rose.gifRose (Rosa sp.)


In my original draft of this article I neglected to include rose because rosehips are more of a remedy for blood vessels than they are for the heart itself.  However, as I was going for a drive in the mountains this weekend, I realized that rose is one of the most important remedies  we have for the emotional heart and that no article on heart remedies would be complete without considering the emotional side of heart problems.


The heart is the emotional “brain” and literally stores memory of the things we love and dislike.  Heart transplant patients often experience emotional and even actual memories of the heart donors.  Grief, sadness, loss and betrayal all wound our hearts on an emotional level.  If we are unable to resolve these emotional issues we can become emotionally “cold” or “hard-hearted.”  When we harden our hearts we lose the ability to love and be vulnerable. 


Physical heart disease often begins with emotional heart wounds and works its way into physical wounds of the heart, i.e., heart disease.  I feel that the high incidence of cardiac distress in our culture is not simply the result of diet, lack of exercise or other physical problems.  It is also a symptom that our hearts are failing us, that is, that our modern science-oriented, materialist society crowds out our emotional life.  We are literally “starved” for the emotion of love and compassion.


Rose essential oil helps to heal heart wounds of this nature.  This is probably why roses are considered a gift of love and are especially used to comfort those who are grieving or to express the “I'm sorry” when we have injured another's heart. So consider rose essential oil when you suspect that heart problems may be related to unresolved grief or other emotional issues.


The flower essence of rose is also valuable because it helps to catalyze the forces of the heart.  It warms the heart that has grown cold and lost its vitality.  I have often combined it with another flower essence, bleeding heart, to help people heal from heartbreak and grief.


Considering this, it is entirely possible that rosehips may also be overlooked as a remedy for the heart. Rosehips may carry some of these same “heart-warming” qualities as the essential oil and flower essence.   That's something to experiment with in the future.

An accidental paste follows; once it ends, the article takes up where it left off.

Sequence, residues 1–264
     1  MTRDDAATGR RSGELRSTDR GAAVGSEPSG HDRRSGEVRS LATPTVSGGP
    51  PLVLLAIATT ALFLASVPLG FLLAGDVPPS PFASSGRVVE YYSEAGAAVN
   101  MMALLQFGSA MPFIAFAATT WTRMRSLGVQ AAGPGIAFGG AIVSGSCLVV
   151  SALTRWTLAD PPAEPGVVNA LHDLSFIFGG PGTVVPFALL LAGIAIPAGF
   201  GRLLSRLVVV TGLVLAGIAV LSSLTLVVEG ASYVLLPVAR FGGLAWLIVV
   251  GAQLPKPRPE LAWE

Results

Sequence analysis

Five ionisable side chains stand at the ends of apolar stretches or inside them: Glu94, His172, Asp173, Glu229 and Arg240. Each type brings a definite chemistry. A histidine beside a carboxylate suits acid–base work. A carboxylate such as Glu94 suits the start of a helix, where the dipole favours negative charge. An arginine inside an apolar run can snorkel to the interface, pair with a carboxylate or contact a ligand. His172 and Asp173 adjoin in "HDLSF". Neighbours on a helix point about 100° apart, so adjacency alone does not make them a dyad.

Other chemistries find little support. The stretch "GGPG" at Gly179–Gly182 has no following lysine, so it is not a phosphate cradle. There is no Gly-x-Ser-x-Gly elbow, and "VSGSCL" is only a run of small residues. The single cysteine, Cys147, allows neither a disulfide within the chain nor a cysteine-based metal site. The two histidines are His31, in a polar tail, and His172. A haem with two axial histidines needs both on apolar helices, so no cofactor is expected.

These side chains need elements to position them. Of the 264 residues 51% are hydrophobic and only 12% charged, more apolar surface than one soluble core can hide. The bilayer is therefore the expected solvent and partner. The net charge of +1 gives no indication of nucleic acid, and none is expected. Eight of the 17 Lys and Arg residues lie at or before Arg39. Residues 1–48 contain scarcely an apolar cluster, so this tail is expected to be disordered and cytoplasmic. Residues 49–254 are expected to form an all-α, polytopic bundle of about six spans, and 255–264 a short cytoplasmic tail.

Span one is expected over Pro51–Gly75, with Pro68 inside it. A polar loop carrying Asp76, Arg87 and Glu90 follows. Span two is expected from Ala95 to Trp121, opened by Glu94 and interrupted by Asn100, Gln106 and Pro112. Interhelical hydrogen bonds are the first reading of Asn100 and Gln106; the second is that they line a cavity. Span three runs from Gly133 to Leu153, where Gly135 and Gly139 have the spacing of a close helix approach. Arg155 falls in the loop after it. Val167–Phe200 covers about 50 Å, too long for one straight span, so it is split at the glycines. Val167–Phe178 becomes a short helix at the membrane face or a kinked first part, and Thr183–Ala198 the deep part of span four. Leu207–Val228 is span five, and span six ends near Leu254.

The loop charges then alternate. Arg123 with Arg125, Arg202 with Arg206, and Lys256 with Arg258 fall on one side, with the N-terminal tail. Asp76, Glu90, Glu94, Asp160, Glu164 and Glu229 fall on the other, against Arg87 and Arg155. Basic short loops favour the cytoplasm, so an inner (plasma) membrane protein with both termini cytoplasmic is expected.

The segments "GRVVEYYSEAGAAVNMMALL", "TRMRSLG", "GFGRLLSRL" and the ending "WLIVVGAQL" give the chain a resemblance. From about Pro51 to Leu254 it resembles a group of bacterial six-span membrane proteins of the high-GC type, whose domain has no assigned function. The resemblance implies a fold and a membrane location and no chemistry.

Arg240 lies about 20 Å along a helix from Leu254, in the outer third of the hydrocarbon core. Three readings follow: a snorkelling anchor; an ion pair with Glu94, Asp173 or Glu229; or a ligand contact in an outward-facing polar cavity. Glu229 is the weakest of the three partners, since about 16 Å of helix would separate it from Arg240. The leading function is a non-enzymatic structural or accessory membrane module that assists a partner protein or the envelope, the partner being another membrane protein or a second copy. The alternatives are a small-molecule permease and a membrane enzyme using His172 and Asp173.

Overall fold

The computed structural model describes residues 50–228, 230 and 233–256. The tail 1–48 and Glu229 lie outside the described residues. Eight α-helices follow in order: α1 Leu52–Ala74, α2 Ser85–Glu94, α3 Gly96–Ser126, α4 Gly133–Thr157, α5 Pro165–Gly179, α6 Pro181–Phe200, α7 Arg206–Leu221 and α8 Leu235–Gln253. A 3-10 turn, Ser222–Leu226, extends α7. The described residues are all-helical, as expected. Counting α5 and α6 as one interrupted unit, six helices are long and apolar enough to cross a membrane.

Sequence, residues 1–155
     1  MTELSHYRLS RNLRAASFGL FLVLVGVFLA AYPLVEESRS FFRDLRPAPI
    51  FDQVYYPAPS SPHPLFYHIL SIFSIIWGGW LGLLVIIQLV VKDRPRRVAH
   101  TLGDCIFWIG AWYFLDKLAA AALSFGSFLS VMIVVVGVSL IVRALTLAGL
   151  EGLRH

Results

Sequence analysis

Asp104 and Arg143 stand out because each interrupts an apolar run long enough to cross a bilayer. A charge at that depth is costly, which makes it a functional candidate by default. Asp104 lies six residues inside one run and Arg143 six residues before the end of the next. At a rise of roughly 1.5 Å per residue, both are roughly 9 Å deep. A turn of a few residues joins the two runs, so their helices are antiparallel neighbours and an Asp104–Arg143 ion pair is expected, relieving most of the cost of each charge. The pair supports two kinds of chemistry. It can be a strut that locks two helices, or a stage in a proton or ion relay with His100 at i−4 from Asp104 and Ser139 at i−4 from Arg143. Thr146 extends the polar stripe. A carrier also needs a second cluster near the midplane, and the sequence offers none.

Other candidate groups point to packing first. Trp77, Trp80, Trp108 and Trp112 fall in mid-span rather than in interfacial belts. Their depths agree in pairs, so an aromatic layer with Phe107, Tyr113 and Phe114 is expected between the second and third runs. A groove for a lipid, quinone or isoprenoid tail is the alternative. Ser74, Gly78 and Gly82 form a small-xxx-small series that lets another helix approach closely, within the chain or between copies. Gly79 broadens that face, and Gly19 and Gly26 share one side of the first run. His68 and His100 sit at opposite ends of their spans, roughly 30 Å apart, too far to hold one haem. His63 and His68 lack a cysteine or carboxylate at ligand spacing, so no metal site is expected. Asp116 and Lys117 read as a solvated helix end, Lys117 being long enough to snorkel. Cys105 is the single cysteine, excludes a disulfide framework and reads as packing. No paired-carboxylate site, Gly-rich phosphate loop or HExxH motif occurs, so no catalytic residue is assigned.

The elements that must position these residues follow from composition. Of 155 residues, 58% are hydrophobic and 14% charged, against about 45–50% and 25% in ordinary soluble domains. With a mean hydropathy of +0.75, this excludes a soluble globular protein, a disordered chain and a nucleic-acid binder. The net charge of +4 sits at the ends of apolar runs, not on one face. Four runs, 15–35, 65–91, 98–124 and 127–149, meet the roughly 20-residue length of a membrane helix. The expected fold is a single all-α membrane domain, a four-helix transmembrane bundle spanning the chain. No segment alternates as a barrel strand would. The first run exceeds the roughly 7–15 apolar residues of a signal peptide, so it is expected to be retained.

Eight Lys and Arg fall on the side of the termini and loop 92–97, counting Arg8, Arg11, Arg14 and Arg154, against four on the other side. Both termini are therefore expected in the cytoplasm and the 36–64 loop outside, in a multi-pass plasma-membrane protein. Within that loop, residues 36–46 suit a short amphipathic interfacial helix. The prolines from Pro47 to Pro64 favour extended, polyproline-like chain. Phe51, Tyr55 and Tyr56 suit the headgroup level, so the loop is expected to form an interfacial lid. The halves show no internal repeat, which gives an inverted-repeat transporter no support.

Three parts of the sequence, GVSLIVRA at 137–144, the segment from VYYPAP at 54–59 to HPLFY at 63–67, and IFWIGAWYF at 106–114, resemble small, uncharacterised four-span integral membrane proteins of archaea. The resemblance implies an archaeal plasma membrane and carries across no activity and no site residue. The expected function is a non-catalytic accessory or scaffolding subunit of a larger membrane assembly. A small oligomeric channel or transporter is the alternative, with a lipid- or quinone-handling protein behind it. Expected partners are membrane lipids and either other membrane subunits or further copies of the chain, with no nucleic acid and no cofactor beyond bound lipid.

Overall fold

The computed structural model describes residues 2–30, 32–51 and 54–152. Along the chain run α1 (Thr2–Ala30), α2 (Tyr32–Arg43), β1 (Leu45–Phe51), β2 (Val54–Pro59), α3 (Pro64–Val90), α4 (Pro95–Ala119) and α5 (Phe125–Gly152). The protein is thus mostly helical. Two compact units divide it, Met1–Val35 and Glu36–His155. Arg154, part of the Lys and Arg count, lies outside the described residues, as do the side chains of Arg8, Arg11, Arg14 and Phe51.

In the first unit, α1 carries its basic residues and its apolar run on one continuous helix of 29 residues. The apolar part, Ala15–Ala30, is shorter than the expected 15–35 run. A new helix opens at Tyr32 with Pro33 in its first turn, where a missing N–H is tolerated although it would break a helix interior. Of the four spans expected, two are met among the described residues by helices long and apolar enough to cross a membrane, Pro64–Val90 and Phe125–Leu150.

Squill (Urginea maritima)


Another toxic botanical which contains cardiac glycosides that are strongly diuretic and relatively quick-acting.  The glycosides in this plant, however, lack the cumulative effects of those found in foxglove, so the plant is not used in modern medicine or modern herbalism.  It is however used homeopathically.


Strophanthus (Strophanthus kombe)


Here we have yet another toxic heart stimulant, again containing cardiac glycosides similar to foxglove.  This plant also slows the heart rate and improves efficiency, making it useful for angina.  Specific indications include: feeble and frequent cardiac contractions without elevated body temperature, weak heart due to muscular debility, and valve problems due to muscular debility.  I have no idea of where to obtain this plant and it is probably illegal anyway, but it is interesting to note how many plants there are with  actions similar to foxglove.


Tien Qi Ginseng Root (Panax pseudo-ginseng)


This relative of Korean and American ginseng increases coronary blood flow and reduces oxygen consumption in the heart.  This makes it useful for angina pain, reduced and myocardia ischaemia (lack of oxygen to the heart muscle).


Tulip Poplar (Liriodendron tulipifera)


I just learned about this remedy this summer from Matthew Wood while visiting with him at the AHG office in Georgia.     It has cardiac tonic properties and the flower essence, according to Matthew, is for people who feel they have blown their opportunities in life and need a second chance.  We made a mother tincture and I used some of it both on myself and some clients.  I liked it a lot, but have no idea how to obtain more.


Again, I'm not writing this article to commercially promote all of these remedies.  Most of you will not even be able to find most of these herbs.  Mainly, I want you to understand that  nature provides us with many different remedies for every organ and system of the body.  What I do hope is that this article has encouraged you to look beyond hawthorn when dealing with cardiac problems and recognize that there are always plenty of options to help us with every health challenge we may face.




The Spirit of Eclectic Medicine: Formulas for the Heart and Circulatory System, and Cancer by Donald R. Yance, Jr., Medicines from the Earth: Rediscovering the Roots of Herbalism, Official Proceedings, June 3-5, 2000.


Eclectic Botanical Protocols: Heart Disease and Cancer by David Winston, AHG, Medicines from the Earth: Rediscovering the Roots of Herbalism, Official Proceedings, June 3-5, 2000.


The Encyclopedia of Medicinal Plants by Andrew Chevallier, DK Publishing, New York, New York, 1996